Author: Robert Beech
The corpse had a handsome face. He had a strong jaw with a two-day stubble of beard, a straight somewhat aquiline nose, high cheeks, and full eyebrows over steel-blue eyes, now half-lidded in death. There was only one thing wrong with the corpse’s face. It was mine.
The revolver in his outstretched hand was mine, too, and the driver’s license in the stolen wallet in his pants pocket. Even his DNA was mine. He hadn’t stolen that though, it came with the clone.
The question was, how was I going to convince the police that it was the clone that was lying dead on the kitchen floor and not me? The laws against clones trying to harm their originals were clear and unforgiving. A clone that killed his original was terminated immediately; even the attempt was considered a capital offense. So, I hadn’t really committed murder when I got rid of him, I was just getting rid of a piece of malfunctioning hardware.
The problem is that the hardware had the same DNA I did. Blood tests weren’t going to help here, so how could I prove that I was me, and not some rogue piece of hardware that had just killed his original? Asking me something about my childhood, some half-remembered incident that I would know about and the clone wouldn’t, that might help, except that all my memories were backed up to the clone. That was the main point of having a clone after all so that if something irreversible happened to me, they could activate the clone and start over. Like backing your hard drive up to the cloud. I might lose a couple of days, memories of whatever had happened between the time I was killed and the last time the clone had been backed up, but essentially I could go on as though nothing had happened. Except for this time, something had happened. Somehow the clone had been activated prematurely, and it had decided to do away with the original, i.e. me. I don’t know how it had gotten ahold of my revolver. I keep that thing locked up securely in the gun cabinet, with the ammunition locked securely in a separate location. Of course, the locations of both the gun cabinet and the ammunition locker and the keys to both are among the memories that have been backed up to the clone, so he would have known where to find them. But you’d think I would have heard him prowling around through the house and loading the gun. I hadn’t.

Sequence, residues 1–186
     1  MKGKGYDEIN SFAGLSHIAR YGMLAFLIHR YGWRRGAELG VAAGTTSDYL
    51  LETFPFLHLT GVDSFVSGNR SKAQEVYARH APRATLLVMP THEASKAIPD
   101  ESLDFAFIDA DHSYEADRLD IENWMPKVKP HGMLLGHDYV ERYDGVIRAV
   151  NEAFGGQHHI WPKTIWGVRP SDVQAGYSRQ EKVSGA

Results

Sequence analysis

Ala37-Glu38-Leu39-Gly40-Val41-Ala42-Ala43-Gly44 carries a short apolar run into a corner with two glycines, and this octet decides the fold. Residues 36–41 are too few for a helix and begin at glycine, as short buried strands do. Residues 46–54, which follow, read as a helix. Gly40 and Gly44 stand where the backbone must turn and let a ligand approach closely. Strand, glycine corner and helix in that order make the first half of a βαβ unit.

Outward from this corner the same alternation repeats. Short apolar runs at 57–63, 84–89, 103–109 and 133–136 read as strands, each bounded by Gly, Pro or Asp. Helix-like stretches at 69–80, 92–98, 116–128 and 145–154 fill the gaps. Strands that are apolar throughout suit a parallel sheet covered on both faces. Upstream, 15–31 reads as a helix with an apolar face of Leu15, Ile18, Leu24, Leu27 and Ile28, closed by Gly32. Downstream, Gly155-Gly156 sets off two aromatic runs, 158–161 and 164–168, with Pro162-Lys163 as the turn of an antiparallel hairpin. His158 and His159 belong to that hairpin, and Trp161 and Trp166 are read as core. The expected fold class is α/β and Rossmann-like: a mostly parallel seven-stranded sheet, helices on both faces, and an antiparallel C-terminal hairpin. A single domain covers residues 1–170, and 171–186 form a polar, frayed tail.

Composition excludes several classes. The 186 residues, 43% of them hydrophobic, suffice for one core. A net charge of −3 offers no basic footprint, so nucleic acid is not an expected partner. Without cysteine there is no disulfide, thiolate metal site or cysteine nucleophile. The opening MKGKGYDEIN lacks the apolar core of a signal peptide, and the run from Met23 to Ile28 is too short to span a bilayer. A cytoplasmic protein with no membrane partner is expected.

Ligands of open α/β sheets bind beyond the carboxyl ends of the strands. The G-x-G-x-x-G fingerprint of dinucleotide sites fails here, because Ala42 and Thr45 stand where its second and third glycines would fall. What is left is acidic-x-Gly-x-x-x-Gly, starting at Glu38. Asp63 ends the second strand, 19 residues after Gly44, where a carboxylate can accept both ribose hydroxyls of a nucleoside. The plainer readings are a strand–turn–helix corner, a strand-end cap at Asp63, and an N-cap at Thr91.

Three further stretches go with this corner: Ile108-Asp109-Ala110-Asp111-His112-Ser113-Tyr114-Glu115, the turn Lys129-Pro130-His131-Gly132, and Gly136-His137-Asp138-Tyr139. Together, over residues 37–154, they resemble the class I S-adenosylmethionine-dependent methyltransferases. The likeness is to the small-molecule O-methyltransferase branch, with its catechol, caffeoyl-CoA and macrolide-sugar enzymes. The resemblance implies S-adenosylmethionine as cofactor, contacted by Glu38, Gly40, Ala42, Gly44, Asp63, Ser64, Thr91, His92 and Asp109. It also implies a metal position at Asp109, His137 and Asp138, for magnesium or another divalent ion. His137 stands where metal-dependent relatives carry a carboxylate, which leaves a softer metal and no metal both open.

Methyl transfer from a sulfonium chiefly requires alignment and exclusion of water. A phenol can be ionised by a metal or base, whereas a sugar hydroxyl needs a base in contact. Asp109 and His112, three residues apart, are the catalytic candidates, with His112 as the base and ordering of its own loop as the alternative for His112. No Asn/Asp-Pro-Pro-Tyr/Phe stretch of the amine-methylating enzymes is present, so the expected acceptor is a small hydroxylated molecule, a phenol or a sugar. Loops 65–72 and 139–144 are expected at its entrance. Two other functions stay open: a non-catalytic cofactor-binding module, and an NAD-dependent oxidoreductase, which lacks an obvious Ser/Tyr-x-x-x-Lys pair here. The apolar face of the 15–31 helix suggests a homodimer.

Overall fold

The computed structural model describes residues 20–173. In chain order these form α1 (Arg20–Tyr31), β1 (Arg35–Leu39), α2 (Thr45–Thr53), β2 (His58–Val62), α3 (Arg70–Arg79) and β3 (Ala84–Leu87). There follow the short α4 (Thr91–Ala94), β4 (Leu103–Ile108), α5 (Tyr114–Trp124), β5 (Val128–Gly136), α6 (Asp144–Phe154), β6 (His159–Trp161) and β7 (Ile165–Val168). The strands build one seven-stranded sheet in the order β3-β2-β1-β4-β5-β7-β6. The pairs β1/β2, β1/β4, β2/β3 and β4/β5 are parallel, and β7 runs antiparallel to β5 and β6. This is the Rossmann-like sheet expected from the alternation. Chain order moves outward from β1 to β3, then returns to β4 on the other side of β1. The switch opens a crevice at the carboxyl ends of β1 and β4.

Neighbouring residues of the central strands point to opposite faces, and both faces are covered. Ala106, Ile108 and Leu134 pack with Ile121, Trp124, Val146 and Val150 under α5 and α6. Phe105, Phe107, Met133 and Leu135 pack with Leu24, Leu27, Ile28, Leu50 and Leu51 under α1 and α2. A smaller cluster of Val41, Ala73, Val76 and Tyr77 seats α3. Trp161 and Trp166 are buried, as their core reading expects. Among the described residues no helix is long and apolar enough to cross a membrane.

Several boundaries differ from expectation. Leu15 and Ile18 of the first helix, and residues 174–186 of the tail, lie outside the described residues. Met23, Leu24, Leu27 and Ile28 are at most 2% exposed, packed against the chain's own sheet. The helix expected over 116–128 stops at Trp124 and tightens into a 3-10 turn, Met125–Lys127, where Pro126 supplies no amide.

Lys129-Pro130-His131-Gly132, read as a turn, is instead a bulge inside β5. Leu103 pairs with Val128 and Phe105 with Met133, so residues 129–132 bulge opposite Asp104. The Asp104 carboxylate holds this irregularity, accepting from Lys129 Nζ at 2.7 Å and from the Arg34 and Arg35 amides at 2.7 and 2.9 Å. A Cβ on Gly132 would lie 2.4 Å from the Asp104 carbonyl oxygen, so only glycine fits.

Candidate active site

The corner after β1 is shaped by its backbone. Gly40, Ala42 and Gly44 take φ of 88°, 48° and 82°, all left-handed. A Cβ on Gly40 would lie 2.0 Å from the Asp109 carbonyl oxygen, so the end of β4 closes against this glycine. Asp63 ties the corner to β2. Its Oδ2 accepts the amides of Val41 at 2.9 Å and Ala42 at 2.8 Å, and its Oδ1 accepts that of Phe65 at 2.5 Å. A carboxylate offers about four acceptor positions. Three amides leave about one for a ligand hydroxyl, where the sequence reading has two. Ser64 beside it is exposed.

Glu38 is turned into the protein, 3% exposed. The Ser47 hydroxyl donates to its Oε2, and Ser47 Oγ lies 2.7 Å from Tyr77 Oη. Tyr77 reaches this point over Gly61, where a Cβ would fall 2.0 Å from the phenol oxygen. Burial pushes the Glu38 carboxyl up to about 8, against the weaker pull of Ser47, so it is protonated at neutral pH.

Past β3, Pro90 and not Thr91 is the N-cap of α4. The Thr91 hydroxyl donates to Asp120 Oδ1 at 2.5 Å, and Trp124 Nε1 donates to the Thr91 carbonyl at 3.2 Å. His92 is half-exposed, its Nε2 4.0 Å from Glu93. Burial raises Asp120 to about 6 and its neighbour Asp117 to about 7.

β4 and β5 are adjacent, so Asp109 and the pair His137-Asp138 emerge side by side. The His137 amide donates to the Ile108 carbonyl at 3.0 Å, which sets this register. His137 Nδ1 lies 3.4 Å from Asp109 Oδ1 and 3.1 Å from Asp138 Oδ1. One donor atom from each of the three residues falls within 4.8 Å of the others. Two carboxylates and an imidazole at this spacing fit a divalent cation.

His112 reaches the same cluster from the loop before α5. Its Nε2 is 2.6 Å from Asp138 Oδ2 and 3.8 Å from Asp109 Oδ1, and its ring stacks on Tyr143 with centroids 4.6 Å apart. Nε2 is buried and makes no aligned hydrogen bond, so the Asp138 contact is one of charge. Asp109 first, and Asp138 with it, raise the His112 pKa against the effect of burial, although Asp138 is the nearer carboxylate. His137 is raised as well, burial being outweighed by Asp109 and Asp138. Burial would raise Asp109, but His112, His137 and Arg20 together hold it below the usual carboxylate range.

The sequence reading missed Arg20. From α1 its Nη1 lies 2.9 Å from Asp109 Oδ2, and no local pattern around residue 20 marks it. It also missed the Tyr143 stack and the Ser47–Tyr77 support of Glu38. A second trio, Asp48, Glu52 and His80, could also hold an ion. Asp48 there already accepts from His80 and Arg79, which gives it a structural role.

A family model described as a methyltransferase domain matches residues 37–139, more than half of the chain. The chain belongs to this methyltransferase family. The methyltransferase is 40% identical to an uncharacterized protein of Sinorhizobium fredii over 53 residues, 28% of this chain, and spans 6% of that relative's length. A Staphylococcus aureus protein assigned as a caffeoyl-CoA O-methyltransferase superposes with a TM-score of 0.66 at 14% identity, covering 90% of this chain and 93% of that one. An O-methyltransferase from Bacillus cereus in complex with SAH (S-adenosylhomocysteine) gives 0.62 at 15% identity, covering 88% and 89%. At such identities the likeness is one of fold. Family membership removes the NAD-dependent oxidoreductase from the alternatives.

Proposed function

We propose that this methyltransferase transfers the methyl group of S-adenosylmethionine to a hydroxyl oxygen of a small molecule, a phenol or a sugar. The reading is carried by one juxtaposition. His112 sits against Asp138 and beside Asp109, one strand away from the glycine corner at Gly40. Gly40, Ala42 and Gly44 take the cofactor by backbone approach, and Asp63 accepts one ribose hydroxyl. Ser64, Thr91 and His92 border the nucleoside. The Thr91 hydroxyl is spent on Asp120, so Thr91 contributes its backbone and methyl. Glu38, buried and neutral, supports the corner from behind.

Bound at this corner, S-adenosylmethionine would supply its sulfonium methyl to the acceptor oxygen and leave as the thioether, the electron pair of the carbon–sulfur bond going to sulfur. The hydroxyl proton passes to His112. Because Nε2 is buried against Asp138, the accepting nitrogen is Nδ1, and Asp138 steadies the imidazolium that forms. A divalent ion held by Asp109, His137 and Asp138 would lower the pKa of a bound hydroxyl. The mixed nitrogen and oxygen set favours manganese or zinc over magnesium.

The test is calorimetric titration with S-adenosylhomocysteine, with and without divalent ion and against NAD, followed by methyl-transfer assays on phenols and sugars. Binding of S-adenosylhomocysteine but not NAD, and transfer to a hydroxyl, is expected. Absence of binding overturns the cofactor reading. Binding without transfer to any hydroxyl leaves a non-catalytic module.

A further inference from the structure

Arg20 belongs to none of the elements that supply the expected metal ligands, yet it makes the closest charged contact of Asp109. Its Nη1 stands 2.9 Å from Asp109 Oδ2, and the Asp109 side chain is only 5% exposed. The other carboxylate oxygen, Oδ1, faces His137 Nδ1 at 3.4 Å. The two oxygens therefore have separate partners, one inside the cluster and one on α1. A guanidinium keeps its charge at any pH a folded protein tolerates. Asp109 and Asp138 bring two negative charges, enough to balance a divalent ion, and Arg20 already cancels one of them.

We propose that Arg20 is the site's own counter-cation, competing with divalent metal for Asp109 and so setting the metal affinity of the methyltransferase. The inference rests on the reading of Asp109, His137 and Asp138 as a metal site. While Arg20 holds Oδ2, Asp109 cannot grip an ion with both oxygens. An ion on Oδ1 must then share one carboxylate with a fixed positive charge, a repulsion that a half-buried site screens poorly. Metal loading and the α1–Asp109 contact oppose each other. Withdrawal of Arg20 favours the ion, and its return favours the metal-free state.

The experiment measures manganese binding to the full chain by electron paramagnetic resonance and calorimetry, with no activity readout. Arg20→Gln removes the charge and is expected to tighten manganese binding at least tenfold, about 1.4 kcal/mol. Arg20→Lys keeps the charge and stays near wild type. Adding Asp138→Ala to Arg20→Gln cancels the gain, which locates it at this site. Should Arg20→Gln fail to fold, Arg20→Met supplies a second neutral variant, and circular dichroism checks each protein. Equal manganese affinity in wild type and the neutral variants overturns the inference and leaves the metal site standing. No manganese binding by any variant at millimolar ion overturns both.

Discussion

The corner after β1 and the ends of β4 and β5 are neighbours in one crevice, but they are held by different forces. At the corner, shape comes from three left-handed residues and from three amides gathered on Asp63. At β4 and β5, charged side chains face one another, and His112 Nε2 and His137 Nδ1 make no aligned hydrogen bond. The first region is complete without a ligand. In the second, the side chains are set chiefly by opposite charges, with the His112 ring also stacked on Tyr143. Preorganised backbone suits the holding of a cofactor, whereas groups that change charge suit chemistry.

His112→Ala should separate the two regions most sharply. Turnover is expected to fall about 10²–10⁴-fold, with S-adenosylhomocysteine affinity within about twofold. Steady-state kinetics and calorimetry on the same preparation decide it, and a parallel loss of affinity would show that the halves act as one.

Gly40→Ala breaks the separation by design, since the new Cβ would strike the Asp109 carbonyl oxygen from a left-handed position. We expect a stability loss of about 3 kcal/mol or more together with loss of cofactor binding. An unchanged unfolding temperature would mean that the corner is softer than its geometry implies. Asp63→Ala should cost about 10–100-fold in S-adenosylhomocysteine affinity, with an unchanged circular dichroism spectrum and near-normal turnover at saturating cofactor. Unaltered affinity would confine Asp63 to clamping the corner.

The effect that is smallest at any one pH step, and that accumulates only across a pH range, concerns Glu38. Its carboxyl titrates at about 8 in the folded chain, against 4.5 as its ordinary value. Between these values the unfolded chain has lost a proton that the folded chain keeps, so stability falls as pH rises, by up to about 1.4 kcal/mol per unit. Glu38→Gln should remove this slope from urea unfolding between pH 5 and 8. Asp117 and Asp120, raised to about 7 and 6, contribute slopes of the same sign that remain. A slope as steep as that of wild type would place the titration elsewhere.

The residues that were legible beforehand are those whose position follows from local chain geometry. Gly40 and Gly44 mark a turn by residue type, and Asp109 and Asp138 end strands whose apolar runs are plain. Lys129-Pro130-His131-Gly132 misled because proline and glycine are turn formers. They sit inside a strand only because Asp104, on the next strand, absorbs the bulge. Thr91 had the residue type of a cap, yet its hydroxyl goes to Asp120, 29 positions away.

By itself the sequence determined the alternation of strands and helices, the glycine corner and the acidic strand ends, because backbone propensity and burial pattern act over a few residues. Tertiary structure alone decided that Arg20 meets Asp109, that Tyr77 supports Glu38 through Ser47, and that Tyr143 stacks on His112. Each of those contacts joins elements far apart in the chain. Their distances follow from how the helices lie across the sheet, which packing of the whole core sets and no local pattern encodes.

The first thing I knew of the clone awakening was when I saw him standing over me with the big .44 magnum pointed in my direction, telling me to put my hands up, and calling me a damn clone!
I don’t know what made him hesitate, but thank God he did. Just the briefest hesitation before he fired, but long enough for me to dive for cover. Long enough for me to roll into the kitchen and then grab the kitchen knife and plunge it into his chest when he came running into the kitchen behind me.
And now, there he is, dead on the kitchen floor, my clone, wearing my clothes and with my driver’s license in the wallet in his pants pocket. I should take it out and put it in my pocket before the police get here. It’ll look more natural that way. Maybe switch shoes, too, his look a little more worn.
That’s a fine mystery piece. Well done.
That last sentence did it all. Very nice.